U.S. artist turns Everest's trash into treasures

Hundreds of adventurers have been drawn to Mount Everest by the challenge of climbing to the top of the world. Jeff Clapp was drawn by the trash they leave behind.

Inspired by a documentary about Everest's rubbish, Clapp traveled to Nepal and brought a load of discarded oxygen bottles back in 2004.

He has created a business of transforming those banged-up, aluminum containers into gleaming bells, bowls and ornaments with a goal of inspiring people to do more to clean up the environment.

What began as a "madcap idea" is now called Bells from Everest. Clapp has sold 33 bells and bowls so far, and he and his wife have made 10,000 Christmas ornaments.

The trashing of Everest began even before Sir Edmund Hillary and Sherpa Tenzing Norgay first scaled the world's tallest mountain in 1953. Hillary acknowledged leaving behind oxygen bottles, food containers and torn tents in a pile near his base camp.

Like Hillary, virtually all hikers rely on oxygen because the air at Everest's summit has only one-third of the oxygen found at sea level. Over the years, hundreds of bottles piled up along with discarded climbing gear and other trash.

Recent efforts to clean up the mountain include a successful bounty program for oxygen bottles left behind. The Nepalese government now requires expeditions to pay deposits that are forfeited if rubbish is left behind.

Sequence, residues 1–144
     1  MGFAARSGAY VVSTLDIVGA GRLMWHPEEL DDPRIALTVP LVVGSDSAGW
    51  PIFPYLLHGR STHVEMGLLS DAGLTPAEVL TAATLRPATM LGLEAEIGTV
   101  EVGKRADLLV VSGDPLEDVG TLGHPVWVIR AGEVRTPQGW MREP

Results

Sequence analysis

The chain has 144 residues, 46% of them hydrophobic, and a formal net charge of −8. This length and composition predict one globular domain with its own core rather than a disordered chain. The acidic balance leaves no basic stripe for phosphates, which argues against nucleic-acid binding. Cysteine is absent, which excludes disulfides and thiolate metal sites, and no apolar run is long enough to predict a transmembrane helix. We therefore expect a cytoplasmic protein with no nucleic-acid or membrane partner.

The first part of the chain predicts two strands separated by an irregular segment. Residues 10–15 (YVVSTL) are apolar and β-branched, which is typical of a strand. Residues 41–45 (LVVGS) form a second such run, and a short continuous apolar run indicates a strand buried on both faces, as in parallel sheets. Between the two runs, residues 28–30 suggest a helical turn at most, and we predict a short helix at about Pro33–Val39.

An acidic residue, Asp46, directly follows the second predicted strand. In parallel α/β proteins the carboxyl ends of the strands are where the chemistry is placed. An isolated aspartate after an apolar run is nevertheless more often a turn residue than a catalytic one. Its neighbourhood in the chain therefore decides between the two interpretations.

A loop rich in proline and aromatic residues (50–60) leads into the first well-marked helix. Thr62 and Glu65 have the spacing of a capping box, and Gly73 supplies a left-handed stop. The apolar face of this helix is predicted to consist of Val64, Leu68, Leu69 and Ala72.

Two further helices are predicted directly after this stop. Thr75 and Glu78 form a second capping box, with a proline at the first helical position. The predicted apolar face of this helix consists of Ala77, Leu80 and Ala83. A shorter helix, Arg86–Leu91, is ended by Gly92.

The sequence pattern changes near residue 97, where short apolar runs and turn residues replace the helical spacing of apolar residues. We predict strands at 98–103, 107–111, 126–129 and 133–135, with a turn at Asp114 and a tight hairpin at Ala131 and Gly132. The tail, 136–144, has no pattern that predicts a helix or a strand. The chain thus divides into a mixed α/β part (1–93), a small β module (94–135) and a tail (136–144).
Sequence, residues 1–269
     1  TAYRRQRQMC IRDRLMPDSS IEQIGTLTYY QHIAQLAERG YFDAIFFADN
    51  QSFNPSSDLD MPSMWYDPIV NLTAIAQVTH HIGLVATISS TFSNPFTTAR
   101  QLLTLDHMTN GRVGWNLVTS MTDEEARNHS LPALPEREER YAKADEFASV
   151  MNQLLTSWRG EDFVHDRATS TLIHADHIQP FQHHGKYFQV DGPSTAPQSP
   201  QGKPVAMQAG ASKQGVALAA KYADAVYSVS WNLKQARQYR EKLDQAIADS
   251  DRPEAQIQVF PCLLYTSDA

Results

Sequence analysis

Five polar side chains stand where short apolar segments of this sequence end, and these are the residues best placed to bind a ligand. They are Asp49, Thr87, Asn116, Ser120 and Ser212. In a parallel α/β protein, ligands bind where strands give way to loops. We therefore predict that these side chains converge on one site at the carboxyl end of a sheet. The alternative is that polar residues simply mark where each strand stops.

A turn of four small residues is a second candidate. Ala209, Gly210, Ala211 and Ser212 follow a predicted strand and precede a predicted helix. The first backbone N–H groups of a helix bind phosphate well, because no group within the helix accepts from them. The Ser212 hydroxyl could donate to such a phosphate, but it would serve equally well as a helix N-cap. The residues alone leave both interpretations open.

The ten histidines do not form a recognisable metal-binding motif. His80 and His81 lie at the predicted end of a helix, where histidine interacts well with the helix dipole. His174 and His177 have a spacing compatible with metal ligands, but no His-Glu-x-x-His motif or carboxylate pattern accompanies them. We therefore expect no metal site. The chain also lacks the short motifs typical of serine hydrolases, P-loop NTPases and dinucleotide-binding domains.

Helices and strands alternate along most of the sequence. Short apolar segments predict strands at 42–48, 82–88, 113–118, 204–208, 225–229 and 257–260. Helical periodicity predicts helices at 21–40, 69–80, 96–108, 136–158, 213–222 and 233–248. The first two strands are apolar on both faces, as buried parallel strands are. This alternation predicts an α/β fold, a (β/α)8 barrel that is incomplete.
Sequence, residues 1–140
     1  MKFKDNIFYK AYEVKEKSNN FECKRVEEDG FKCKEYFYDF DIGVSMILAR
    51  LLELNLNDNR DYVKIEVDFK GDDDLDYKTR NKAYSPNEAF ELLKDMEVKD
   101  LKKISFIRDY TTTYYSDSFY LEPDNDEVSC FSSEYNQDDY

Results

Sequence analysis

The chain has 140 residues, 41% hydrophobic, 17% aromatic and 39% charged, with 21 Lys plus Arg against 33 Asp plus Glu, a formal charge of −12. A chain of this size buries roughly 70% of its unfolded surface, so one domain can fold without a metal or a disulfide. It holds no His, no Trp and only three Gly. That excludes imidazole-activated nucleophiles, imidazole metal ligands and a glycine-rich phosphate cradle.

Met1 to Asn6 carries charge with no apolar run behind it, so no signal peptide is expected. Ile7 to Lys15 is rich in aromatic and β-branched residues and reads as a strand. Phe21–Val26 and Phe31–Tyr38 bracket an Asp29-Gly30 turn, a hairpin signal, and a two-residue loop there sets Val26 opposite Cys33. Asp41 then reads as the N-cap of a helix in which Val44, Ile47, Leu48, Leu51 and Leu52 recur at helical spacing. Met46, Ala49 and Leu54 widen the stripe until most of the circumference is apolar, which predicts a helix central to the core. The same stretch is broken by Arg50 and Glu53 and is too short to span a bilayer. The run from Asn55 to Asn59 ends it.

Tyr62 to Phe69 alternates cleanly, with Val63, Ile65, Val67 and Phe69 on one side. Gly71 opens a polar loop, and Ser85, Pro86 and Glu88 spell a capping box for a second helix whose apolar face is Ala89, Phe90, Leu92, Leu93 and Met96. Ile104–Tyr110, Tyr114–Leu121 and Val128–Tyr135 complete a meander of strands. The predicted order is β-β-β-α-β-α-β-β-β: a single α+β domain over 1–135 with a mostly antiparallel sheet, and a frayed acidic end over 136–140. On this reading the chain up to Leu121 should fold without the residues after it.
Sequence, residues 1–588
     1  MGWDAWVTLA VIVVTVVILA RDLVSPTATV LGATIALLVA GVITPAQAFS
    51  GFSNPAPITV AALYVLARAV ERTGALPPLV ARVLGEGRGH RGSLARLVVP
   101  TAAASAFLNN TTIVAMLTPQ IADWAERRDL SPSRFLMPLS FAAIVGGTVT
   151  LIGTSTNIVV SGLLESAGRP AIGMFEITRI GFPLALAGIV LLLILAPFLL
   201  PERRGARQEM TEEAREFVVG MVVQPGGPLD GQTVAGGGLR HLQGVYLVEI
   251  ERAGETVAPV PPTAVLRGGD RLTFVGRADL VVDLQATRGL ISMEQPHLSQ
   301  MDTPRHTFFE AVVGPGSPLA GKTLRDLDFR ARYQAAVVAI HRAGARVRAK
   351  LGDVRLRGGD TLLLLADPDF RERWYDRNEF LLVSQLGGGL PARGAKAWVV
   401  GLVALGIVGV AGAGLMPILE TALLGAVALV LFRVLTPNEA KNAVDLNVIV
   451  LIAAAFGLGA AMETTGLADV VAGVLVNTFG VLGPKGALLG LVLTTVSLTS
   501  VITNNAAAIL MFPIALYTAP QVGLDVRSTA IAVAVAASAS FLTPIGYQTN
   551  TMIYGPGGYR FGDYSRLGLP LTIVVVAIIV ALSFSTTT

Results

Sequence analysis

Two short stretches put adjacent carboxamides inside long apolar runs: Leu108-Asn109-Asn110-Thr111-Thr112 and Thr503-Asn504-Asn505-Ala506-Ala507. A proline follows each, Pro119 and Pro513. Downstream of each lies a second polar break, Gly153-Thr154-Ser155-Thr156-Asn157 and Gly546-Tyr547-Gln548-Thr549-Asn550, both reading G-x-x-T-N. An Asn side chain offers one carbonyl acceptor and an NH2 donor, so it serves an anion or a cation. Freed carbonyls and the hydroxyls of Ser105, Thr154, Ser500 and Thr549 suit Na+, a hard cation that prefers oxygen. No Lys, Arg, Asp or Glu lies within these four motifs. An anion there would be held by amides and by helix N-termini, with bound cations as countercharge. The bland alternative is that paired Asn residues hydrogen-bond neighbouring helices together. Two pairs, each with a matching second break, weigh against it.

Clapp, an artist, chef and concerned father, was inspired to go to Nepal by a National Geographic documentary about trash on Everest, which some called "the world's highest junkyard."

He obtained 132 cylinders from the Nepal Mountaineering Association for $7,000 (Ђ5,306). It cost nearly that much to ship them back to Maine.

Back at home in Brunswick, he works on the canisters in a basement workshop where the floor is littered with piles of aluminum shavings.

The hardest part, he said, is stripping away the yellow fiberglass shell to expose the darkened, oxidized aluminum underneath. He then uses hand tools to shape the bottles as they spin on a wood-turning lathe.

Eventually, they are buffed to a shiny silver color. Prices range from $1,600 (Ђ1,212.86)to $3,000 (Ђ2,274) for bells, and $500 (Ђ379) to $1,500 (Ђ1,137) for the bowls.

Nothing goes to waste. The shavings are put in glass balls to become $15 (Ђ11.37) Christmas ornaments that Clapp originally created as gifts for family members. They are sold at several locations, including the gift shop at Walt Disney World's Expedition Everest roller coaster, he said.

Clapp, said buyers like getting a unique piece of artwork and knowing that they're helping the environment at the same time. "They see the added value of purchasing a gift item that has social responsibility," he said.

When his supply of oxygen cylinders runs out, Clapp does not plan to retrieve any more of them. By the time he uses them up in a few years, he would like to return to Nepal to show locals how to create the bells to make money for themselves.

Clapp has had a preliminary discussion with Porters' Progress, an organization that works to improve the lives of the porters who carry equipment for Everest expeditions.

He said he hopes to line up corporate sponsors for the project, and to create a documentary. Eventually, he wants to write a book.

"My ultimate goal of returning this project to Nepal is very exciting to me. When I first visualized creating this artwork, I was driven with the concept that it would be a benefit to others, specifically in Nepal," he said

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